From: Tom Emerson (email@example.com)
Date: Sat Nov 26 2005 - 12:52:08 CST
Philippe Verdy writes:
> It is not written, it is however a Chinese standard, and the most likely to
> occur. It does not change my argument however, whichever romanization system
> is used, it is still a distinction from the Han (any script) writing system,
> and "Latn" indicates such romanization.
I agree with your core argument, but still disagree that any
particular romanization system can or should be inferred from the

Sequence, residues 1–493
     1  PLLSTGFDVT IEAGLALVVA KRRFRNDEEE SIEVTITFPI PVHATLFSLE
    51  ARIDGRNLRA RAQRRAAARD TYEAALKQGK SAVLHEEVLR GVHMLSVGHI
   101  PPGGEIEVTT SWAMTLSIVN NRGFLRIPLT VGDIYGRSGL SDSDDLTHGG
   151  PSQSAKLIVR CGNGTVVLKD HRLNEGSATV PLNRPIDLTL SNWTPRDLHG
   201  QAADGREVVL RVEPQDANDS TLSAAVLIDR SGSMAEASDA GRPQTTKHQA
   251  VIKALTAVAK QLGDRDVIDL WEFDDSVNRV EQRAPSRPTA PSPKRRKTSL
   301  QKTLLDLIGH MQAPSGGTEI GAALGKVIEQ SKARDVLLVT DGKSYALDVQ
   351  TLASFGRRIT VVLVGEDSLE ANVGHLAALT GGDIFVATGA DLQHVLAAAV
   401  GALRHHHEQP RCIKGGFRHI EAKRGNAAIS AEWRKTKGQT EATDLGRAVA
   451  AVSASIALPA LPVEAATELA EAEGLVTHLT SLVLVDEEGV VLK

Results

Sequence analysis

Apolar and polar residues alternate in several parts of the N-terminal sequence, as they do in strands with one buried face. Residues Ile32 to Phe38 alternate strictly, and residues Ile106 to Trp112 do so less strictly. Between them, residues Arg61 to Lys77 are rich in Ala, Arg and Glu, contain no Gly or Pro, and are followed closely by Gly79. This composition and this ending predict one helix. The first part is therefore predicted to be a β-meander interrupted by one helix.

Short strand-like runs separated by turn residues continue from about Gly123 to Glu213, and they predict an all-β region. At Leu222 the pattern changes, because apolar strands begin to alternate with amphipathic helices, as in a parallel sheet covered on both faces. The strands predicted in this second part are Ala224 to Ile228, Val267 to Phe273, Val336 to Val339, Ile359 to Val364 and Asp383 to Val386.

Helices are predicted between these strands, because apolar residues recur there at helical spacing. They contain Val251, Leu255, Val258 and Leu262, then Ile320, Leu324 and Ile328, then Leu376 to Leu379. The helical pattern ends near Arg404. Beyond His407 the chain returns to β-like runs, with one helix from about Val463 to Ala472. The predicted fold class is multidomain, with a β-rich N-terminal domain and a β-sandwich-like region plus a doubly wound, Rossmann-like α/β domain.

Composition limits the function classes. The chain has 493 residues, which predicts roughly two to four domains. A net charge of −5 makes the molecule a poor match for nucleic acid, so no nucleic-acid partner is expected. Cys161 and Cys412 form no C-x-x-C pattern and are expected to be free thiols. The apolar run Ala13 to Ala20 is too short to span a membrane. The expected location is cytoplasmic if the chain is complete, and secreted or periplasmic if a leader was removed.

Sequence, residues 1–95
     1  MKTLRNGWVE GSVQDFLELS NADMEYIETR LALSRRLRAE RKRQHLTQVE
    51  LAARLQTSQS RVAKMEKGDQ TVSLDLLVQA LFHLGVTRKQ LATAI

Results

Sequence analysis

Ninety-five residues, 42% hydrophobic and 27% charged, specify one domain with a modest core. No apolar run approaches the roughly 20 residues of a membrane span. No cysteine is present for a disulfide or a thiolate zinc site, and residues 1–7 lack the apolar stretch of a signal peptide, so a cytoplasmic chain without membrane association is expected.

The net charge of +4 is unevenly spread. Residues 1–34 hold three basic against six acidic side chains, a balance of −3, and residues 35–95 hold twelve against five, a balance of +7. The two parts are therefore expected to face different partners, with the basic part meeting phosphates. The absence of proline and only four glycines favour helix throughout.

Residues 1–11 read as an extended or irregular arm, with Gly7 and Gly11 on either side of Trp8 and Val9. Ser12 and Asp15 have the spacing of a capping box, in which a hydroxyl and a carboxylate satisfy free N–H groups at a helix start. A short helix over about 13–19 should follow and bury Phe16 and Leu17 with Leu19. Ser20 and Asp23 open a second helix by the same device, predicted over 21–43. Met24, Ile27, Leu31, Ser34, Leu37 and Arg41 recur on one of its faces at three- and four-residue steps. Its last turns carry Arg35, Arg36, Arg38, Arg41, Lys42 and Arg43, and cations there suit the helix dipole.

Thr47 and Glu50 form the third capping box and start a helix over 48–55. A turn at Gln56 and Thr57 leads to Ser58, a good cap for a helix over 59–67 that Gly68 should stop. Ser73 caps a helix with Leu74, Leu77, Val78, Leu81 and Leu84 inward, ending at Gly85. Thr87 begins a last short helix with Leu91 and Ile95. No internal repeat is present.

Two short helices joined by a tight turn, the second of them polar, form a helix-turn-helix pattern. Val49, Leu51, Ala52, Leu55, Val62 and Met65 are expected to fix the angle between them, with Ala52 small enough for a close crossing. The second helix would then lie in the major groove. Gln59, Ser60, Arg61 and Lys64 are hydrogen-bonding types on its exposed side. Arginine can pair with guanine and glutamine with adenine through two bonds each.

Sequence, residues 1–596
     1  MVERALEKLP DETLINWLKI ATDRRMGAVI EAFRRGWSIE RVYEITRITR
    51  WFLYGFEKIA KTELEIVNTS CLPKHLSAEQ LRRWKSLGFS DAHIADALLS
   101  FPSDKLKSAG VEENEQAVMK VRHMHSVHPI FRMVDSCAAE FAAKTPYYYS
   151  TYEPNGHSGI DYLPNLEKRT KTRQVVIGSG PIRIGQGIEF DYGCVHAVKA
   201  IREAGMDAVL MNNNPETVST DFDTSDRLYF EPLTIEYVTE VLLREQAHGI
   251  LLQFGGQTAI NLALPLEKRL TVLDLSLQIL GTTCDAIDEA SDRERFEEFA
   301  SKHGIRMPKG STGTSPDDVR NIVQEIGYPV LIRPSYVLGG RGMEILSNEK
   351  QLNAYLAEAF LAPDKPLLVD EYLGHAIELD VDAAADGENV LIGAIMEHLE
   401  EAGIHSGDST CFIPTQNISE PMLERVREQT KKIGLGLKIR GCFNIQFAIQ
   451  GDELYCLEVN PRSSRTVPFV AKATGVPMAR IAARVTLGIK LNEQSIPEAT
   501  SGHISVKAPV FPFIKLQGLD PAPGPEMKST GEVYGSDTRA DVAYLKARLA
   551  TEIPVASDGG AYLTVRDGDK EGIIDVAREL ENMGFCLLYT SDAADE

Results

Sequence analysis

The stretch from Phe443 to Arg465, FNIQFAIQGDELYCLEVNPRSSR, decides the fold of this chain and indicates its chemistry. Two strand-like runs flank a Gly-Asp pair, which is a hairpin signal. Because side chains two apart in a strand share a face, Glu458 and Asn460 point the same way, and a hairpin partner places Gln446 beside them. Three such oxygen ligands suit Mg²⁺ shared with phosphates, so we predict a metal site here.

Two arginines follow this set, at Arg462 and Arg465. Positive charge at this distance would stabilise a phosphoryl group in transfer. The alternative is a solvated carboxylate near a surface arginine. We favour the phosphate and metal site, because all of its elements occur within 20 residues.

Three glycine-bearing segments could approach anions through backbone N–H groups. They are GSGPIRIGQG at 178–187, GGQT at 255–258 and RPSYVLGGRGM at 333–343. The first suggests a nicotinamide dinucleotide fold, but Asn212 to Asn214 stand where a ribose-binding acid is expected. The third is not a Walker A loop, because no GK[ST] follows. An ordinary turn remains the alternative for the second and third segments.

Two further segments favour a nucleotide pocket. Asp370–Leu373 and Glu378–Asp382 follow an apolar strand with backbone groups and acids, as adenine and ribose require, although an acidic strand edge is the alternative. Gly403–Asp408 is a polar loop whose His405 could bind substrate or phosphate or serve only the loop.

> In fact the same remark applies to the romanization of Russian: several
> standards, including one ISO standard. They would still be indicated by
> "ru-Latn" instead of "ru" or "ru-Cyrl" for the normal cyrillic system.
And it applies to the romanization of Japanese, Arabic, Persian,
Pashto, Kurdish, or pretty much any other non-Latin script writing
system that can be transliterated into Latin.
-- Tom Emerson Basis Technology Corp. Software Architect http://www.basistech.com "You can't fake quality any more than you can fake a good meal." (W.S.B.)
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